Powershell

Table of Contents

Scope

Scopes in PowerShell have both names and numbers. The named scopes specify an absolute scope. The numbers are relative and reflect the relationship between scopes.
The lifetime of a PowerShell variable starts when it is declared. Local variables are deleted when the function is completed. In a host application/web browser, global variables are deleted when you close the browser window (or tab), but remain available to new pages loaded into the same window.

By default functions don't return variables unless you call them. All created variables created in the function stays in the function unless you return it. Or if you use $global:variable but that's another topic. Example you create variable $a and $b, the function won't know which one to return therefore you must call it.


Local Variables

PowerShell protects access to variables, aliases, functions, and PowerShell drives (PSDrives) by limiting where they can be read and changed. By enforcing a few simple rules for scope, PowerShell helps to ensure that you do not inadvertently change an item that should not be changed.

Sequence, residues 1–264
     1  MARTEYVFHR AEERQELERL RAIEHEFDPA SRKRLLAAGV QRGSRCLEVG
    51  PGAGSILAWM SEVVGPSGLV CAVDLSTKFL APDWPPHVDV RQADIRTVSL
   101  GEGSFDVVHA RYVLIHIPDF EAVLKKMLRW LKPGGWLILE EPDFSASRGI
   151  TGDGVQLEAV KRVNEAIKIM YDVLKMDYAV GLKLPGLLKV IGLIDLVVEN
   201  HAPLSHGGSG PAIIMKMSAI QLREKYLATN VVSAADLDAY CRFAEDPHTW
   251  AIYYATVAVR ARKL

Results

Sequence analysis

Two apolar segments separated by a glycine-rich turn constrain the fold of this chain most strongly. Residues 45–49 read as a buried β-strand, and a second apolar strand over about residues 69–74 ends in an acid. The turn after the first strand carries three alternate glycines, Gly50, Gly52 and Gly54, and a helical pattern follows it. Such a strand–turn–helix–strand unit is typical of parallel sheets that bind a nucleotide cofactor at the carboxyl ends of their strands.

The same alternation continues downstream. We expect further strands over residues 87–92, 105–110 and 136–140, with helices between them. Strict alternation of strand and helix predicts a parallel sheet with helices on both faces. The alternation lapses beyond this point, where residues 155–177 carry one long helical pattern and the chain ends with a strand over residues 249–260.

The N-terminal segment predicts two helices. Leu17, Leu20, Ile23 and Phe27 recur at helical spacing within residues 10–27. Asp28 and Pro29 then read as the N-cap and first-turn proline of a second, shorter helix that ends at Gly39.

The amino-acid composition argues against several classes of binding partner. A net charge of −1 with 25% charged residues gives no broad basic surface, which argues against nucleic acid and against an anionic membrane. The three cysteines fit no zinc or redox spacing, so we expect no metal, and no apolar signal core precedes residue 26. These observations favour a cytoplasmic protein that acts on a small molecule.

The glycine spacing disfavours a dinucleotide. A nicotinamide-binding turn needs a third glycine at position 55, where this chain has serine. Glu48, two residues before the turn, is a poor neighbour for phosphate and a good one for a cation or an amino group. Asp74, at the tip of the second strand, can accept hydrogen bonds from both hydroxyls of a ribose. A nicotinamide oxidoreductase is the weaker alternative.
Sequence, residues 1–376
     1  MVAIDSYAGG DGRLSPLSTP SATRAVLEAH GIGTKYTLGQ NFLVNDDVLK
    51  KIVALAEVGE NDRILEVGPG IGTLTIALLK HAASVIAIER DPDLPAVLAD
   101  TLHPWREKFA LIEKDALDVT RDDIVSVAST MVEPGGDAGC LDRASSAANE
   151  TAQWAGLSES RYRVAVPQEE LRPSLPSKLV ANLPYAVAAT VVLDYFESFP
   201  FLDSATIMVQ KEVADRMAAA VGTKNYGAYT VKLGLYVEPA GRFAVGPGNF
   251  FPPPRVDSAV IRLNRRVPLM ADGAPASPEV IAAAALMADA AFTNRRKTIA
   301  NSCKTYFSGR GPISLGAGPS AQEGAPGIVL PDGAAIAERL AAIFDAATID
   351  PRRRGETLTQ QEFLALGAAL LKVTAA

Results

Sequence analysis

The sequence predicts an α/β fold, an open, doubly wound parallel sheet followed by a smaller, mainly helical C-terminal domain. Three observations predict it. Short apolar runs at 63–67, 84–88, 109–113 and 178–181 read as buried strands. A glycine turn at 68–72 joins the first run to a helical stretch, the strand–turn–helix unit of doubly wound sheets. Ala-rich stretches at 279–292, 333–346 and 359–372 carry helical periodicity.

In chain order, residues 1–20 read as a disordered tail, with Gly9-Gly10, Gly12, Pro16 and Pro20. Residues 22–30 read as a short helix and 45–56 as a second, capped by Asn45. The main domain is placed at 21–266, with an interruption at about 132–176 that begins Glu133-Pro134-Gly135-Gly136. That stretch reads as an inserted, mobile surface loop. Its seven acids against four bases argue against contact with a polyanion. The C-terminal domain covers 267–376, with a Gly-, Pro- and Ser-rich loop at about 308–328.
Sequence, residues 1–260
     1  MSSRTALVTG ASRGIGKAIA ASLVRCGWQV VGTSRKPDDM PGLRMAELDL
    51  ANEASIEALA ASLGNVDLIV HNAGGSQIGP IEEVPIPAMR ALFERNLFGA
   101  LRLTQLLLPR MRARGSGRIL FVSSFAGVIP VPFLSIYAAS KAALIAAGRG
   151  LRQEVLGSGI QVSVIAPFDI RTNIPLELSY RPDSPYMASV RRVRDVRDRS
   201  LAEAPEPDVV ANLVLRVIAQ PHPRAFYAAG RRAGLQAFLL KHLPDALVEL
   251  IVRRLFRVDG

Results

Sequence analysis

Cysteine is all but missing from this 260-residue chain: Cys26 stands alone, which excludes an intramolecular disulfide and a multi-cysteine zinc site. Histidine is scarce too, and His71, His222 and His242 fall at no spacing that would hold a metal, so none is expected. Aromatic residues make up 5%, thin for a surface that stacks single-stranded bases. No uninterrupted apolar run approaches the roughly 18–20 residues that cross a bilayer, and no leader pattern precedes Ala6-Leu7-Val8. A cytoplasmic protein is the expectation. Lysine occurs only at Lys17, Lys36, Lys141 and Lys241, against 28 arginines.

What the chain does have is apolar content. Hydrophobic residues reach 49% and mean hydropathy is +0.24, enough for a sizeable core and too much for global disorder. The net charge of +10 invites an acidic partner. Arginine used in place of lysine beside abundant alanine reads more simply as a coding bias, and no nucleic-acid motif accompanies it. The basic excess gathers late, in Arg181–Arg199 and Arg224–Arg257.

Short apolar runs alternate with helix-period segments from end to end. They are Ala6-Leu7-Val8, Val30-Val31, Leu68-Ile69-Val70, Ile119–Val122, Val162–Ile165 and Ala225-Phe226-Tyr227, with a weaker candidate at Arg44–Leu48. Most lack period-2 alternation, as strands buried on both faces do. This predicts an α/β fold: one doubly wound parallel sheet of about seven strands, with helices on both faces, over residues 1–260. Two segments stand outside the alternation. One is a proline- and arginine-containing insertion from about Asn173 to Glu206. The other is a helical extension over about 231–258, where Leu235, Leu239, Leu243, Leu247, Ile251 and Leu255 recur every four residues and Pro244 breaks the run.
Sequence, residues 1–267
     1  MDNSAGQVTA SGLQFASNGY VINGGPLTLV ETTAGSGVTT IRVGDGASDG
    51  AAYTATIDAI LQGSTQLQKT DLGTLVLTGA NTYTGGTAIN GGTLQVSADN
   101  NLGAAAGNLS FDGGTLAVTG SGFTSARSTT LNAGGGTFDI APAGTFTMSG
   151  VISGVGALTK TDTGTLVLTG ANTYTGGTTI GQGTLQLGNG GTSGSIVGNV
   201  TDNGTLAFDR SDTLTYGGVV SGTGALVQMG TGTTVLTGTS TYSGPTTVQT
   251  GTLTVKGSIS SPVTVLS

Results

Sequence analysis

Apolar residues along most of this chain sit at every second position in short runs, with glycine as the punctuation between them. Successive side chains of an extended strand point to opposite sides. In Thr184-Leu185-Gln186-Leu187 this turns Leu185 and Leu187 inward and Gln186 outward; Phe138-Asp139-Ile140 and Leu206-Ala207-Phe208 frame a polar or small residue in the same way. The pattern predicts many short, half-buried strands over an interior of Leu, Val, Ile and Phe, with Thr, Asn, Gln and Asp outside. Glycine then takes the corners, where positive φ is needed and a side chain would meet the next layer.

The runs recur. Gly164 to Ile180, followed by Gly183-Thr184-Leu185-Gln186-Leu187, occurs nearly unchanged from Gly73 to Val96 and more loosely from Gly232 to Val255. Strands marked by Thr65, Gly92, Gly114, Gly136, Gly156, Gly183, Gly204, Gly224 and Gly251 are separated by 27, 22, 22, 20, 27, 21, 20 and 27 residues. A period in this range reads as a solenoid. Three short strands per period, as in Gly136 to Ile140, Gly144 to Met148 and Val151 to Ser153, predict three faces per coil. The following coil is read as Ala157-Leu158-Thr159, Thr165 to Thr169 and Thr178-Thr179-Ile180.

The following are the basic rules of scope:

If you create an item in a scope, and the item shares its name with an item in a different scope, the original item might be hidden under the new item. But, it is not overridden or changed.


Global Variables

Example usage of a Global variable. The global variable below is called outside of the scope. When the Get-Service command runs, it looks back at the Global Variable and updates it.

$global:i=0
get-service | Select @{Name="Item#";Expression={$global:i++;$global:i}},Name,Displayname,Status




This global variable can be then used in any other function/method as it retains the modified amount throughout the current runtime environment.



PS is pretty flexible, and anything left 'unclaimed', so to speak, will end up dropped to output. So, for example, if you have something that returns a value, or you just put a variable name on a line by itself, etc., PS will implicitly treat that as you having called Write-Output

In other words, these two commands have identical functionally:

Write-Output $hostname


same as invoking a variable which is faster then calling a commandlet

$hostname


Visit next page to learn about - Object, Property and Hash tables